The Problem with Unpaid Internships
Myself and thousands of other students consider getting a job out of university as their number one priority. However, a lot of internships require a certain amount of experience beforehand. Typically these are internships in a variety of fields. Frustratingly enough, according to university career counsellors I’ve encountered, the best way to gain this experience is with other internships. It was described to me as an opportunity to learn about a prospective business and find out if you enjoy the role in which you were brought on. Yet, due to the COVID-19 pandemic, increasing tuition rates and cost of living, it is unrealistic and oftentimes impossible to accept an internship, as most of them are unpaid. The University of Western Ontario needs to amend its internship program as most of the internships offered are unpaid. Internships often require a four or eight-month commitment at full-time status, often taking on multiple roles at a company. Time Magazine’s article titled “How Internships Replaced the Entry-Level Job” states that 60% of all internships are unpaid. Internships have become so prevalent in our society that they are replacing entry-level jobs, making it almost impossible for an individual to be hired by an organization without going through an unpaid process. While an intern may gain experience in their desired field and network within the industry, it is unrealistic that anyone would be able to sustain themselves during those long contract commitments. Instead of hiring dedicated workers committed to the job, organizations offering these unpaid internships have interns that often work multiple jobs to sustain themselves.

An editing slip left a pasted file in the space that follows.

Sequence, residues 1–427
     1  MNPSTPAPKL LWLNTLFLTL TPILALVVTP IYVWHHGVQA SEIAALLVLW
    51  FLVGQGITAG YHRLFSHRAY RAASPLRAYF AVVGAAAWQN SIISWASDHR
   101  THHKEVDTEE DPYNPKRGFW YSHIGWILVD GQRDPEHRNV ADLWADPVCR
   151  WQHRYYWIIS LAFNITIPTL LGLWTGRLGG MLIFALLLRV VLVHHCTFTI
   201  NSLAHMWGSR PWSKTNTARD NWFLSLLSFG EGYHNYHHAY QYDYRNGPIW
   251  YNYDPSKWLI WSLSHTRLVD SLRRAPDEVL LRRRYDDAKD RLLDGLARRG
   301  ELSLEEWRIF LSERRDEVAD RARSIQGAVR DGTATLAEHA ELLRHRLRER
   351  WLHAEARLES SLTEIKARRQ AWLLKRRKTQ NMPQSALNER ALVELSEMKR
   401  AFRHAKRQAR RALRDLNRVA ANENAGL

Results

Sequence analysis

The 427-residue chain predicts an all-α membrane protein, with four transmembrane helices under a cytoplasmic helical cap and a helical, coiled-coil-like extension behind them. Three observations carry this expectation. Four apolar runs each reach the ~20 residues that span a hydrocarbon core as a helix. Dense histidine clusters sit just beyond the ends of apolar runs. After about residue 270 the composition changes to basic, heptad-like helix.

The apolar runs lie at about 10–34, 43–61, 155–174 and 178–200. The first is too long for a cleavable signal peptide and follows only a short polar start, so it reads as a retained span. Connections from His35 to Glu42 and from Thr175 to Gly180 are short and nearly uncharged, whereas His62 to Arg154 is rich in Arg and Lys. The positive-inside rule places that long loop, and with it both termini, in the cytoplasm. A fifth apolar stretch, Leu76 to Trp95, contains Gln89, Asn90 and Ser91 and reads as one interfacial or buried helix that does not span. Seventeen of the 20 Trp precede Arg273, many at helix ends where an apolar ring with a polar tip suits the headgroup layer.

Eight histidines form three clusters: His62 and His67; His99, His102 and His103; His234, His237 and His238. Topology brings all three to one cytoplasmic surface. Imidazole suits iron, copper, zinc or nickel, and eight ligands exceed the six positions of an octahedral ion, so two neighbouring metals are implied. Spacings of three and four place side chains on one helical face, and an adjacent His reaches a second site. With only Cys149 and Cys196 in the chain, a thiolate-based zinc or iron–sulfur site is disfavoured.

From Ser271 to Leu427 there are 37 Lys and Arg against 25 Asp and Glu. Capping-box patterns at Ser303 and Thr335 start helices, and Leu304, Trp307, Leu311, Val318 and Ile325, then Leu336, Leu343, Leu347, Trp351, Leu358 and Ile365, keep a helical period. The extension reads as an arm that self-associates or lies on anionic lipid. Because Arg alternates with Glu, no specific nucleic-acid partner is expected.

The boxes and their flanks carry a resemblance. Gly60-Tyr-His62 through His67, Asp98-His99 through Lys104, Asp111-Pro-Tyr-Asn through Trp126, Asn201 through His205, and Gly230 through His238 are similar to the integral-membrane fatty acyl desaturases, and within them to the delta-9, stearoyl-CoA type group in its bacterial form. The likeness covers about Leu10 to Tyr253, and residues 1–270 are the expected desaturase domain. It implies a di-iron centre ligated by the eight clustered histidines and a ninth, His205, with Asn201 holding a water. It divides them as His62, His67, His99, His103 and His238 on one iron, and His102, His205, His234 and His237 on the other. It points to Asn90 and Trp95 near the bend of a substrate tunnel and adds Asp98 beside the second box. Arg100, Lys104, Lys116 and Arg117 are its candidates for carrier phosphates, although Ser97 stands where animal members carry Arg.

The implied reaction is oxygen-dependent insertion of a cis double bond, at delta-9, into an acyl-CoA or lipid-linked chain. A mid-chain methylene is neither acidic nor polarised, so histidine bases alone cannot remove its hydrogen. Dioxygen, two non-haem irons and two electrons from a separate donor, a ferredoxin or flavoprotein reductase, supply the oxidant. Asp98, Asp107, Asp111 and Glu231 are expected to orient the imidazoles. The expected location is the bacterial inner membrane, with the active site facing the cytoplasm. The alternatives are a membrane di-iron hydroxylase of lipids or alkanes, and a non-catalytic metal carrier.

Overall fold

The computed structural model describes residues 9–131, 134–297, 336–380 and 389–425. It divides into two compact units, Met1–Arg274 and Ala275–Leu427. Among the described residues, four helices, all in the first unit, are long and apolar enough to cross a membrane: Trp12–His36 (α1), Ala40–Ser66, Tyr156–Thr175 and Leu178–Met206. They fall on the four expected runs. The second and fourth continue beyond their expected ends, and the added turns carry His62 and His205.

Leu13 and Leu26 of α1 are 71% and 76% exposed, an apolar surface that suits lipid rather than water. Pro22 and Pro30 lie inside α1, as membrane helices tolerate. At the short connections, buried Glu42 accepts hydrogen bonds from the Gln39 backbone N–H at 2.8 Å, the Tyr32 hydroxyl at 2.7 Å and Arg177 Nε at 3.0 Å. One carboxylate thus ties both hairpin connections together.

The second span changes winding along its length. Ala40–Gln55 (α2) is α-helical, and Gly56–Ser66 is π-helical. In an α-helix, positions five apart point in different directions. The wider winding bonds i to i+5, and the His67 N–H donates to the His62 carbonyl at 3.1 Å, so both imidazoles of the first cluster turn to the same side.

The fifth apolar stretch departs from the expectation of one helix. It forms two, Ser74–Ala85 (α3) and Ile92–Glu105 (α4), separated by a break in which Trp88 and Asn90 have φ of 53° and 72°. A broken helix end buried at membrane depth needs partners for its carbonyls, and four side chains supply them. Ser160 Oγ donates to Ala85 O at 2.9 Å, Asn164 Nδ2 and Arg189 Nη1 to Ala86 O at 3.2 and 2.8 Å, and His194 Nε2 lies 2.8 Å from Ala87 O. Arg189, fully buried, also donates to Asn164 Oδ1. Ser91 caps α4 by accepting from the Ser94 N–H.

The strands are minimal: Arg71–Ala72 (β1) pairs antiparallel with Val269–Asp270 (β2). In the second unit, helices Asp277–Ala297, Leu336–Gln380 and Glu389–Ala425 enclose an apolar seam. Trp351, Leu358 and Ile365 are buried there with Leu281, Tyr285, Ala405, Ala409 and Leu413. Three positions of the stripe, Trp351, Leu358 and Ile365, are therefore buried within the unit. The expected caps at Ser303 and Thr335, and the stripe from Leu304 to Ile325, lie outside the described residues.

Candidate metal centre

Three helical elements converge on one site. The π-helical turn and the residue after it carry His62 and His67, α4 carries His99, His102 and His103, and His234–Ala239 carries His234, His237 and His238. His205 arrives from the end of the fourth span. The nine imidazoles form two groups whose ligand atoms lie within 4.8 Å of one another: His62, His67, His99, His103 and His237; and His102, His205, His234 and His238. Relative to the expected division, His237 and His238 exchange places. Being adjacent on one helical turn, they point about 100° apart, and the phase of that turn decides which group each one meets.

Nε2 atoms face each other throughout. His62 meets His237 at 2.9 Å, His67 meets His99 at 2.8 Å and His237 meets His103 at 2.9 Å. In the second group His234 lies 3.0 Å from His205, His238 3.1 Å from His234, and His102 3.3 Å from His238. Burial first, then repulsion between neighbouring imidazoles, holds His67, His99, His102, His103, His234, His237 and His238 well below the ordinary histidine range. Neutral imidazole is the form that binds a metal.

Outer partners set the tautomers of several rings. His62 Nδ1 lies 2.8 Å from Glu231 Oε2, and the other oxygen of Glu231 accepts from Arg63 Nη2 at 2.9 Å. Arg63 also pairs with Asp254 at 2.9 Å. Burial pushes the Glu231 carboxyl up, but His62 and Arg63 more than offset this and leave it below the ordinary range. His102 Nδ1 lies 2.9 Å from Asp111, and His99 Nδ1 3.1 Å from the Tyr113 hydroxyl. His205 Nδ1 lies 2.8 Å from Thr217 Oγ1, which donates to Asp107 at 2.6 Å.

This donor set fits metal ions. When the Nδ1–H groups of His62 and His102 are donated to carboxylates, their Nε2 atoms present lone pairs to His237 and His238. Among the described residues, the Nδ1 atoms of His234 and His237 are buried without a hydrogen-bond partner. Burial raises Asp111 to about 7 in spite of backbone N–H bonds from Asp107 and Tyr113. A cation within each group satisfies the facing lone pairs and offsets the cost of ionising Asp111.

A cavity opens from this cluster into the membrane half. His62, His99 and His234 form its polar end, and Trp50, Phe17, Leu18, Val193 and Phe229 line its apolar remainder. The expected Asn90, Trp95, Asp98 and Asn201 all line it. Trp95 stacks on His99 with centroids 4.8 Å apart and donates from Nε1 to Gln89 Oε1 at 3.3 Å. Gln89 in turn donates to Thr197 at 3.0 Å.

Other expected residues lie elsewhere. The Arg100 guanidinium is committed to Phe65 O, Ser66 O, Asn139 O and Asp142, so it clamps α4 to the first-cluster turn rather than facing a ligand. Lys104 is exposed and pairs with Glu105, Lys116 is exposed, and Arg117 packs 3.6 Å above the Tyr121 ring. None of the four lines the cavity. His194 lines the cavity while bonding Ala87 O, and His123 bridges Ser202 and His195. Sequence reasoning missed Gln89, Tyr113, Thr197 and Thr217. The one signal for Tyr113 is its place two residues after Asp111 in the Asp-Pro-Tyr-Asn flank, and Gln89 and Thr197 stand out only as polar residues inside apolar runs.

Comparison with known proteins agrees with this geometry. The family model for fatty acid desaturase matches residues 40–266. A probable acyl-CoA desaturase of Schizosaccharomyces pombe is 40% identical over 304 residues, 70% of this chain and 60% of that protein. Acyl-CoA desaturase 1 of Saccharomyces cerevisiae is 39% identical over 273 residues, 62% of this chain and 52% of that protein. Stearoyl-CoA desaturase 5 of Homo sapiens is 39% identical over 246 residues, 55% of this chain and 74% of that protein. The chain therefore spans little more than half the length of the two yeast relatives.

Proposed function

There is an assumption here that interns have the financial resources, family, or friends to fall back on during this working period –– especially amid a pandemic. It is a privileged approach to structuring the job market. BIPOC communities are specifically discriminated against by this structure because they often lack the resources to accept unpaid internships due to their upbringing in a low-income household with little to no financial support. Not only are unpaid internships unethical, but this type of ‘employment’ is part of the system that works against class mobility. Not only will this change benefit students, but it will increase the applicant pool for the internship program and draw more attention to the Internship programs as a whole.